Though polls have shown a majority of New Yorkers support the referendum to expand table gambling in the state, few attending a forum in the city most likely to get a full casino seemed to be among them.
Comments posed to a panel of speakers that included the Spa City’s two representatives on the county Board of Supervisors and a major stakeholder in the Saratoga Casino and Raceway focused on what negative affects table games could bring. Audience members also questioned whether the local community would have any say in bringing a full-scale casino to Saratoga Springs or if November’s referendum would essentially decide the issue for them.
“Personally, I feel like we’re about to kill the golden goose here,” commented Saratoga Springs resident Linda Whittle.
James Featherstonhaugh, the racino’s director and the president of the New York Gaming Association, downplayed the potential impact of expanding gaming in New York. He said the casino envisioned for Saratoga Springs wouldn’t be on the scale of the ones in Las Vegas and would have hardly any negative impact on the city at all.
“The only negative impacts are those that come with any other major business expansion,” he told the crowd of about 50 people gathered at Saratoga Arts.
Featherstonhaugh said a new casino would also bring roughly 600 jobs to the area, essentially doubling the size of the workforce now employed at the racino. He said about 80 percent of visitors would come to play the electronic slot machines — also called video lottery terminals — and the table games would “bring a degree of sophistication” to the gambling operation.
Opponents on the panel disagreed. They lamented the lack of hearings or publically disseminated information on the pros and cons of the issue.
“We have general information that says there’s a whole ring of problems associated with this,” said Robb Smith, the executive director of Interfaith Impact of New York State, an organization that has opposed the ballot initiative.
Colin Klepetar, a math teacher who organized more than 200 Facebook users to join his site, Saratogians Against More Casino Gambling in Our Town, asked how an expanded racino operation would affect downtown. He fears the new operation could throw off the balance that has kept the businesses along Broadway vibrant.
“If we bring in a new casino, it may tip the scales,” he said.
Saratoga County Chamber of Commerce President Todd Shimkus said not bringing casino gambling to the city could prove just as disastrous. He said VLT operations slated for downstate could ultimately harm thoroughbred and harness racing in the city.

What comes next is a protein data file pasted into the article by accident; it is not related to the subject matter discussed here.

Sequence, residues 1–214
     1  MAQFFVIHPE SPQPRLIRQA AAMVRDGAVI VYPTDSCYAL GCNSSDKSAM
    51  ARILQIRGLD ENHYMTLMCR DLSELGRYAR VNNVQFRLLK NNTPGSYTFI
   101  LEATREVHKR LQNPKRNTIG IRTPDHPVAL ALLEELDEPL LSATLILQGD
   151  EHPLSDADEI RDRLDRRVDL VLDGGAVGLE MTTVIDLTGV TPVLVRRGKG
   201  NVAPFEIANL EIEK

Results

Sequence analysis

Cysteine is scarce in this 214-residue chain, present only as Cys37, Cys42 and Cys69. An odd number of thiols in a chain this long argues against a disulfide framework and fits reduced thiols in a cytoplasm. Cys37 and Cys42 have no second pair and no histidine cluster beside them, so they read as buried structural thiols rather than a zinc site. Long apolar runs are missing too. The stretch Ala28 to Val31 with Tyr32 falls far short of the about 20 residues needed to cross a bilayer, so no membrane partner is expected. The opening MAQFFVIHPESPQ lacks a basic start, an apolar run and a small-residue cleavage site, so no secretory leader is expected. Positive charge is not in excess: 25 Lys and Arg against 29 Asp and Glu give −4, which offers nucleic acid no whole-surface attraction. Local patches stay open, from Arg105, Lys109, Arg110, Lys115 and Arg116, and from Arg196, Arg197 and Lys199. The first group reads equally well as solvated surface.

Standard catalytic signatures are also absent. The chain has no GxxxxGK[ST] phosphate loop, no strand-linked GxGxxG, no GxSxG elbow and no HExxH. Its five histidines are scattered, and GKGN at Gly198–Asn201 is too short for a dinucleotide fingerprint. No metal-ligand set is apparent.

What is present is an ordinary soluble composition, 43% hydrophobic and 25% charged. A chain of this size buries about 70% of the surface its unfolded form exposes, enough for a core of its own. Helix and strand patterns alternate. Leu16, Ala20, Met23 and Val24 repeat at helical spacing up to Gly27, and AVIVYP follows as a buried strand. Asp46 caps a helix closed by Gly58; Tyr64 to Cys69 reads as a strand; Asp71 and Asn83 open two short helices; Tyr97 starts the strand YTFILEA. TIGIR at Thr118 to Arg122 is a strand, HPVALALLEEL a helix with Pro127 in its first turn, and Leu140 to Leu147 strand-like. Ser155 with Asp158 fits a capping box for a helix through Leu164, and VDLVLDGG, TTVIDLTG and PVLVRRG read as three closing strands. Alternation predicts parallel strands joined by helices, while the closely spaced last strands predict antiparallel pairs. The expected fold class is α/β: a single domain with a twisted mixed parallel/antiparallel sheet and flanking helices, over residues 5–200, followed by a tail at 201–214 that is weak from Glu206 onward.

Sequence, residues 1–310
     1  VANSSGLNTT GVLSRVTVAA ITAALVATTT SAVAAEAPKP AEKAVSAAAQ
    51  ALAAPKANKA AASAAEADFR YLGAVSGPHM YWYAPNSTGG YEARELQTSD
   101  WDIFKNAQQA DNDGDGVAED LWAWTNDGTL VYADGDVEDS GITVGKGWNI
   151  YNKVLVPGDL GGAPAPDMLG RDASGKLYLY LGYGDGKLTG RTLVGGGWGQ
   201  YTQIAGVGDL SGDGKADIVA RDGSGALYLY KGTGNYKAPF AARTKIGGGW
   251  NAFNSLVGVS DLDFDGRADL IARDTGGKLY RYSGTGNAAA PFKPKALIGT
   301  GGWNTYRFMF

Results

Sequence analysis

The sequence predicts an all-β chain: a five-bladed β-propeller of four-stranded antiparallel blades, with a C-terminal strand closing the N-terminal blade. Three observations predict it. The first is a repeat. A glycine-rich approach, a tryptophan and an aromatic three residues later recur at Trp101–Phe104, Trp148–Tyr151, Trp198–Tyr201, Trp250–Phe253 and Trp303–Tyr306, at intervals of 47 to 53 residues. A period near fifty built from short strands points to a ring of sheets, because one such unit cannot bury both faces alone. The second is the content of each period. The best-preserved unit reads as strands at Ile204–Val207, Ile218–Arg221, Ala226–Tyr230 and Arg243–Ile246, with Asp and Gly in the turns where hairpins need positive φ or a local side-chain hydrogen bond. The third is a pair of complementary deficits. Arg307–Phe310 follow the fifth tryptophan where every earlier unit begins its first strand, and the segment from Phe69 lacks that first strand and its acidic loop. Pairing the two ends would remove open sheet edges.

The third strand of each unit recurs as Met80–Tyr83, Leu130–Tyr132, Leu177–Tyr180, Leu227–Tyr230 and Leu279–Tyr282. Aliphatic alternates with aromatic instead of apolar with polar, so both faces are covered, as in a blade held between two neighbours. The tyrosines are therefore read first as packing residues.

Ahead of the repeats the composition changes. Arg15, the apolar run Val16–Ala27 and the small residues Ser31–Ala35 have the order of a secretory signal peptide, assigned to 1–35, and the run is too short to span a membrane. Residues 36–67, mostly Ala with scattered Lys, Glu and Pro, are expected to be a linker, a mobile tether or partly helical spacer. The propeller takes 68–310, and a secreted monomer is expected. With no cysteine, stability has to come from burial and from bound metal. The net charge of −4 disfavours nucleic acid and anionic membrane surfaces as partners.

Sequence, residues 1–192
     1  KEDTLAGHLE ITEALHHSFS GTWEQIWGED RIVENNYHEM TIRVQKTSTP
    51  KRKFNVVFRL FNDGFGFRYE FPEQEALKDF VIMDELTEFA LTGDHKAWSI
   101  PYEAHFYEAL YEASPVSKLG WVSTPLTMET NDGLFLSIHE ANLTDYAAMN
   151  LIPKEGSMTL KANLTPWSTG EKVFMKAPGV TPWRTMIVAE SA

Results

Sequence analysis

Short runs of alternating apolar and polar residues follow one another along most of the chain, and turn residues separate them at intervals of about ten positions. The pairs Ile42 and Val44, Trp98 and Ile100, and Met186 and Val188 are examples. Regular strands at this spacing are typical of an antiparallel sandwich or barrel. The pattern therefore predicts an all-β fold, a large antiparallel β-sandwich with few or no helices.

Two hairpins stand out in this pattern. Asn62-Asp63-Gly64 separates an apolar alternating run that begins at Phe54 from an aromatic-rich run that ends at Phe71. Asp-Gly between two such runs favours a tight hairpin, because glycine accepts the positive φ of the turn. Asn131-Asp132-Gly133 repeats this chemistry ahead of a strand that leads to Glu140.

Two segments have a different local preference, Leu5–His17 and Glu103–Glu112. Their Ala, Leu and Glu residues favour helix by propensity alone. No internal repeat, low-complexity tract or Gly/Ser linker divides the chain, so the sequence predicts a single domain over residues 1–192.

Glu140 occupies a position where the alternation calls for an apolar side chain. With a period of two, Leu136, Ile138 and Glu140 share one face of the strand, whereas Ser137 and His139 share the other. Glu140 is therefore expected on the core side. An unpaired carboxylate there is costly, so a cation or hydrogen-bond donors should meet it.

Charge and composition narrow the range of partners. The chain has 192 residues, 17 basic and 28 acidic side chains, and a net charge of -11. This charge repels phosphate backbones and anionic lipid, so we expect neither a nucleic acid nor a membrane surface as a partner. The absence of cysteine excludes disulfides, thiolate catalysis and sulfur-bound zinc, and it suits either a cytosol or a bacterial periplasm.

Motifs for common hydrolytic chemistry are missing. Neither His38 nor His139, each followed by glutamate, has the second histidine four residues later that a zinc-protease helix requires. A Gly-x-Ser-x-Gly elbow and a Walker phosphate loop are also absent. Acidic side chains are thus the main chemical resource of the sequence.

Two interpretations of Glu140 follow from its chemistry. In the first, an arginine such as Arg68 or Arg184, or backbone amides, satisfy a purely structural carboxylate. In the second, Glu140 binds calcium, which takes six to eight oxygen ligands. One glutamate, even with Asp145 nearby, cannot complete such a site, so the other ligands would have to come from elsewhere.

Shimkus also noted the racino hasn’t brought the negative impacts opponents argued it would bring. Instead, he said the facility has given the Spa City another amenity it can offer visitors.
“We’ve had [a casino] for 10 years and it hasn’t negatively impacted Broadway,” he said.
Nor have city police seen a spike in crime resulting from the racino, said City Police Chief Greg Veitch, who spoke on the panel. Veitch said the racino has generated 309 calls to police so far this year, which is more than the 132 calls from the Saratoga Race Course, but only a fraction of the roughly 4,500 from downtown.
“I think these numbers speak for themselves,” he said.
But Veitch was also quick to note the unpredictable nature of allowing table gambling in the city. He said there’s no way of knowing exactly what a full-fledged casino would bring in the way of emergency calls.
“I don’t think it’s anything that anyone can predict with any degree of accuracy,” he said.
Satatoga Springs’ supervisors didn’t expressly speak in favor of or against the referendum. Joanne Yepsen, the Democratic candidate for city mayor, did acknowledge her concern that the aid promised to Saratoga Springs by the state — a split of $11.4 million with the county — could fall prey to the same budgetary ax that greatly diminished the impact aid promised when the racino was created in 2004.
Matt Veitch, the city’s Republican supervisor, took a pragmatic approach. He said if the ballot initiative is approved, he will support bringing a casino to the county.
“If it’s going to come, we want it to come here,” he said.
The hour-and-a-half long forum sponsored by the Saratoga Wire followed a poll by the Siena Research Institute two weeks ago, which found New Yorkers were almost evenly split on the issue of legalizing table gambling. That same poll, however, found about 54 percent support the referendum as it will be worded on the ballot next fall.
“There we saw a majority of support,” said Donald Levy, the institute’s director.